Wednesday, October 22, 2008

Ancient Temples of Malaysia and the Forgotten Past.

Location of Historical/Archeological sites
Mohd, Supian Sabtu, Tamadun Awal Lembah Bujang,2002


Temples have long been part of the local landscape of South East Asia, with great monuments such as Angkor Wat in Cambodia and Borobudur in Indonesia built by the Hindu and Buddhist Kingdoms of the Pre-Islamic era. Having said so, one would wonder why no monuments were built in the Malay Peninsular of modern day Malaysia. It is generally accepted by historians that a Hindu civilisation was established in the Bujang Valley up north in the ancient Kingdom of Kedaram. Tamil traders established settlements in the Bujang Valley as early as the 3rd century AD

In ancient Kedah there is an important and unmistakably Hindu settlement which has been known for about a century now from the discoveries reported 1840s by Col. James Low and has recently been subjected to a fairly exhaustive investigation by Dr. Quaritch Wales. Dr. Wales investigated no fewer than thirty sites round about Kedah. The results attained show that this site was in continuous occupation by people who came under strong South Indian influences, Buddhist and Hindu, for centuries.

(Sastri, K.A. Nilakanta (1949).
South Indian Influences in the Far East

Over 50 Buddhist and Hindu temples have been excavated from various sites in the valley, Artifacts and relics found at various sites, dating back to the 4th century includes pottery shards, stone statues of Hindu Icons, inscribed stone tablets, and metal tools,Song and Ming Dynasty ceramic wares, ornaments, beads and semi precious stones. The artifacs and relics are on display at the archeological museum located here. The remains found here are either bases of Budhist Stupa's or Hindu Shrines.Physical evidence of Hinduism were partly destroyed in the 12th century when the 9th ruler of Kedah(first Sultan) converted to Islam.

Over many centuries these temples were lost swallowed by the jungles of Malaya. Though almost 30 sites were discovered, none of them have matched the collosal size of those discovered in neighbouring countries. However it is widely believed that deep in the jungles of Malaysia lay hidden monuments which will enrich the Pre-Islamic history of Malaysia.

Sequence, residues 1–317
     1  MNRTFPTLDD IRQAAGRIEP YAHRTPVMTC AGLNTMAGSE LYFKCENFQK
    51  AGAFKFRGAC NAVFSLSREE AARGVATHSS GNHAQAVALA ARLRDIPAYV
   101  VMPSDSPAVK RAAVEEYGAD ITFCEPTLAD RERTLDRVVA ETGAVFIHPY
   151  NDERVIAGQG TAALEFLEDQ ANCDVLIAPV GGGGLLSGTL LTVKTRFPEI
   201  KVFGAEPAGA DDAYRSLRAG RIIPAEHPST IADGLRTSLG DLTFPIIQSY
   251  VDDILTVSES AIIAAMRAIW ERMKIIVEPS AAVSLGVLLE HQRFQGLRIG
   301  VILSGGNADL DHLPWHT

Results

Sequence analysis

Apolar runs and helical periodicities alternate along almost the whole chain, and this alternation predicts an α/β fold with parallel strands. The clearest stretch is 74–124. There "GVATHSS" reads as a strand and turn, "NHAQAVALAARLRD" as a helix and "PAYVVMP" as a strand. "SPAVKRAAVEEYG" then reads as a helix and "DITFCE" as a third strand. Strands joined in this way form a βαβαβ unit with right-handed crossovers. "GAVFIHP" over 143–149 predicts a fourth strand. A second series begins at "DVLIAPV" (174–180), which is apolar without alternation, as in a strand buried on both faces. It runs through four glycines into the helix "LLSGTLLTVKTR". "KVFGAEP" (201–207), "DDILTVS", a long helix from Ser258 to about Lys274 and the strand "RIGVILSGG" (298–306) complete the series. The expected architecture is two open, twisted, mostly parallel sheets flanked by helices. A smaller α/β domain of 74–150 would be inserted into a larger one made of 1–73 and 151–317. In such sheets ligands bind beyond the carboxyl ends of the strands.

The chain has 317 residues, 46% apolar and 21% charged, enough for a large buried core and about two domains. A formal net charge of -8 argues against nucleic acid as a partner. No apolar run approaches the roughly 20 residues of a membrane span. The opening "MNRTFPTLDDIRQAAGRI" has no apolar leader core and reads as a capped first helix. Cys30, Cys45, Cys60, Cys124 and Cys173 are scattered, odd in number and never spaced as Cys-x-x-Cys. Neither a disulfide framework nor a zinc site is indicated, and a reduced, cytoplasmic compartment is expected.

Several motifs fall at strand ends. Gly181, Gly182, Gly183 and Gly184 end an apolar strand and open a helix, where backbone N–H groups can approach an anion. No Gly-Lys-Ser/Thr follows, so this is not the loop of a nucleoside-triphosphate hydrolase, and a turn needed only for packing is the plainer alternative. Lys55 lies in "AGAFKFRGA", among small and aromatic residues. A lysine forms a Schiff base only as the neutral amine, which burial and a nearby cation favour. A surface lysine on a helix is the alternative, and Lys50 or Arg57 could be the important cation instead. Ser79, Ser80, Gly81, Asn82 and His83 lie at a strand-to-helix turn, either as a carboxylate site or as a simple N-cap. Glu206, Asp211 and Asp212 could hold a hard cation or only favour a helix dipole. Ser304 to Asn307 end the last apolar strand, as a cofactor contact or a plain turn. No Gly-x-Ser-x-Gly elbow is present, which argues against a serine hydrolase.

There is a strong influence of Indians of Tamil origin from the 3rd century onwards till the annexation of Kedaram by the Chola Empire in the 11th century. However, there are no records of these settlements after that period probably due to
the decline of Chola empire but its influence left behind a unique fusion of cultures enriching the local landscape.

Related maps.

The Chola Empire at the height of its power (c. 1050)

Special thanks to:

Mohd, Supian Sabtu, Tamadun Awal Lembah Bujang,2002


Anonymous said...

Weird article, people doesnt just disappear, that would make it like fairy tail instead of history, unless, there wasnt even Indian that lives there except the local Kedahan malay clan:

N.J.Ryan argues that in Kedah in the North-West of the Malaysian peninsula, there was no large immigration of Indian settlers; rather there was the influence of traders and missionaries. These people, rather like the Europeans in later centuries, were responsible for popularizing their way of life and religion. Many inhabitants - Malay by race - became Hindu or Buddhists, and they built the temples whose remains have been found in Kedah. Thus the population of Kedah for example, did not change, and Chinese reports affirm that the native societies had adopted Indian culture but had not become Indian colonies.

I found this article in here:

Unknown said...

True. There was no colonisation or wholesale transplantation of Tamils to Kedah. Indian influence seen in Malay culture is due to contact with Indian traders.

In the political perspective, it did not make sense to maintain an overseas colony for such a long time. The MALAY civilisations of Northern Malaya have existed long before they adopted several aspects of Indian culture and philosophy for the sake of utility and expediency.

Puravin said...

Thanks to Anonymous and Khatulistiwan for your useful insight.Sometimes the line between myth and fact becomes so blurred that we tend to mix both up. What you both highlighted does make sense.Interesting perspective.I was just writing along the sidelines of material available online and of course I am not an expert in this area of history.Thanks for visiting my blog.Hope you also liked the pictures of Malaysian temples; just a few I have covered so far.

All the best,